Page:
Dear NAME,

Thank you for the anonymous donation in your name to our “Support Scott Walker Re-Election Campaign.” This is an electronic receipt confirming your credit card payment for the following items:

5/8/2012 3:28:09 PM

Bill to: Ship to:
Address


Qty. Description Unit Total
1 Donation – Anonymous, Scott Walker Campaign Support Fund, sub-category anti-union slush accounting pool $175 $175
Subtotal: $175
Shipping: $0.00
Sales Tax: $0.00
Grand Total charged by Scott Walker Campaign Support Fund: $175

The invoice number is: 801151.
The AuthorizeNet transaction id for this payment is: 4364520142.

Thanks again for your payment,

The Staff
Scott Walker for Re-Election
http://justiceagainsttheunions.org

Please do not reply to this message as it was sent by an automated process from an unmonitored email address by your website’s hosting company. Replies will not be read.


A Cup of Khan

This one falls under the ‘accidentally good’ product name category.  And the accidentally provides justification enough for including it as NQR.

Ogedei's mug on the package, but no corresponding triple-sized 'mug' available.

Although this blog certainly refrains from advocating any product named after a Mongol despot, we feel especially concerned about food or beverage products claiming specific heritage or association with the Central Asian horse-lords.  What’s more, this one has been named not for the iconic founder of the dynasty (Ghengis) nor for the more famous later descendent Tamerlane, but for one of the tweener Khans, the more obscure but still satisfyingly frightful Ogedei.

What makes this name particularly apt is that Ogedei was ordered by his court physician to cut his drinking in half or else face certain early death from what we, now, would call cirrhosis.  Ogedei, cheeky bugger that he was, complied with the letter but not the spirit of the injunction, having one of his craftsmen fashion a drinking vessel three times as large!  He continued his drinking.  He died.  And the invasion of Europe stalled on the very doorstep of Germany and Austria in order for all the claimants to the royal Mongolian throne (or yurt) could make their way as speedily as possible back to Karakorum in the Himalayan foothills, there to decide upon the next ruler.

So, as a bit of marketing advice for the Khaantea Corporation, consider incorporating Ogedei’s oversized cup into advertisements.  I’m sure there are plenty of us Starbucks’ addicts who might benefit from a mug three times larger than usual.  And, if I were to see, through my bleary pre-coffee morning vision Ogedei’s visage every day, I might feel at least a little grateful for his extreme appetites.  Were it not for his early death I might be speaking and writing some variation of Mongolese now, rather than English.


Terrible Product Name – Fierce ANL Fuse

Found this one just now, while searching for a car adaptor for my kids’ Wii video game system.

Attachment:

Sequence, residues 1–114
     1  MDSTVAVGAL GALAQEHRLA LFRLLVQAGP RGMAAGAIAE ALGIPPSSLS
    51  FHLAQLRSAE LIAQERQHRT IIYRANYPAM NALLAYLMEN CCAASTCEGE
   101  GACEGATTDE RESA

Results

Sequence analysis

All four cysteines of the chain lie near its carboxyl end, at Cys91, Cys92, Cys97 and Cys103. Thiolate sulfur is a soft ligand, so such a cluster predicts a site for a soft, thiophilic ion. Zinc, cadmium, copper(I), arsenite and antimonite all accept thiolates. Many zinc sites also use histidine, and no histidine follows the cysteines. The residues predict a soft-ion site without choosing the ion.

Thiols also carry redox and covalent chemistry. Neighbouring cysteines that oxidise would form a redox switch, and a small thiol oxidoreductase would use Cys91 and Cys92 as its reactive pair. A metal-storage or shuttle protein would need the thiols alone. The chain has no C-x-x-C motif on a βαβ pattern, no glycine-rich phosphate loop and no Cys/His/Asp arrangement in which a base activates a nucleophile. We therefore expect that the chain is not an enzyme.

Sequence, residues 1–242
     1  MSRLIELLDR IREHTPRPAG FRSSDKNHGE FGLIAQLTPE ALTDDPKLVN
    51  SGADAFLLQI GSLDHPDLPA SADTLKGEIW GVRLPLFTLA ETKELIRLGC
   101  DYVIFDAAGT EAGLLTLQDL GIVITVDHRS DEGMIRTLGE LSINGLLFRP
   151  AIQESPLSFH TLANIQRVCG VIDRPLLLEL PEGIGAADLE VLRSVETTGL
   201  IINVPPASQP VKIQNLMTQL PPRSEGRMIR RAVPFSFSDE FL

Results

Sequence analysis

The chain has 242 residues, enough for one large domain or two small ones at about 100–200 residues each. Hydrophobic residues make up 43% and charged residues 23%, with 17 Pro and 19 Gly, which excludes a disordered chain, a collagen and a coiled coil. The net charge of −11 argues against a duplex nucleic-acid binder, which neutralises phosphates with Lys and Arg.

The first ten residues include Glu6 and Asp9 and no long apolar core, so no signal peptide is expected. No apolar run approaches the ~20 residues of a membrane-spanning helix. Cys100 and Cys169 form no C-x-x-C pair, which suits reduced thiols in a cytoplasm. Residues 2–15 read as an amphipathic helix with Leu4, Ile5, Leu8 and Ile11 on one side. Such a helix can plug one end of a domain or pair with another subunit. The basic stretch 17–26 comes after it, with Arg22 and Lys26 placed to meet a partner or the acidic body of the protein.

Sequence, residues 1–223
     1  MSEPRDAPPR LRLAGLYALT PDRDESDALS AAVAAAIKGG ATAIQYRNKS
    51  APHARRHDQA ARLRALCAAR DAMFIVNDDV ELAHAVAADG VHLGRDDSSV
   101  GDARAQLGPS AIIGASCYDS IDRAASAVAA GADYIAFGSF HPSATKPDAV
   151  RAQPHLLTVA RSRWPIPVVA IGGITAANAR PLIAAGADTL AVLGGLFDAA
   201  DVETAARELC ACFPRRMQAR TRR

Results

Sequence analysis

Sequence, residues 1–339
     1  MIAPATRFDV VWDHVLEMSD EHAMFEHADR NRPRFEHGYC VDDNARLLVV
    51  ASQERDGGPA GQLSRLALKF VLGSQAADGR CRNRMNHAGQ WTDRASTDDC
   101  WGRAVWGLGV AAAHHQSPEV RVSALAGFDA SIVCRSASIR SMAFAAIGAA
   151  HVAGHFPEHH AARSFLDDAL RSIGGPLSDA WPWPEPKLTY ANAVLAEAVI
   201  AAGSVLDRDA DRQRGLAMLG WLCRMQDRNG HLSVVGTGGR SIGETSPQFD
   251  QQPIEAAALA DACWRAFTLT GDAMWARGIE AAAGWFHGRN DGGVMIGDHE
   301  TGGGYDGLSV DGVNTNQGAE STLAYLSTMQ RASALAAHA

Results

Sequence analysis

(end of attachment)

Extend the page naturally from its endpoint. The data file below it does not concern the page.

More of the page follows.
Since, earlier, I posted some weird company names from the Middle East — Butt Sweet House, Mohammad Ibrahim Law Firm (which advertises using its acronym), and Coq Magique — I thought it would only be fair to show an American counterpart.  What’s more, there is absolutely no reason, no language barrier, no cultural misunderstanding, that should allow such a name as this to ever, ever hit the market.  Pure copywriting failure.

The image speaks for itself.  Enjoy.

"Fierce ANL Fuse" proudly sold at a Best Buy near you.


Reblogging this post 1) Because it was a cool one and 2) Because it is now cited on a Wiki as evidence that the French explorer Pierre-Constant Letorzec visited Merowe (the link in the footnotes for Merowe leads to my Un-American Graffiti webpage! Hot-diggity dog.)

Not Quite Right

In a land of crushing poverty with a brutal climate, a high rate of disease, and a notorious dictatorship, it might be strange to confess that one of the things most troubling to me in Sudan was its graffiti.  While I started to gain an appreciation for Arabic graffiti itself (noticing some strange juxtapositions between imported Rasta culture, with images of Bob Marley combined with a Muhammad-like veneration) the stuff that most affected me involved the relics from ancient days.

Often covered in names to the point where the hieroglyphs themselves are barely readable, many of the ruins, temples, pyramids and fortifications from three, four and five millenia ago have been been seriously defaced.  What makes a person decide that their name, or their name with the name of their loved-one encircled in a heart, is worth immortalization?  What attraction does an object of history hold, that a man must…

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Kharijite Rhetoric

The following remarks by the Kharijite (an early heretical sect of Islam) rebel Abu Hamza al-Mukhtar b. ‘Awf were given as part of a sermon in Mecca during his fight against the Ummayid Caliphate, approximately 746 CE.  Amazingly (and definitely NQR) they were preserved in Sunni sources because of the strength of the rhetoric, even though the comments greatly disparage the Sunni Ummayid caliphs.  In this year of campaign invective it might be nice to see that other peoples have engaged in character assassination, perhaps even more effectively than we Americans now stomach.  And it is interesting to note that the Sunni historians had such a sense of aesthetic value that they’d record a sermon like this, even though it clearly damns the Ummayids!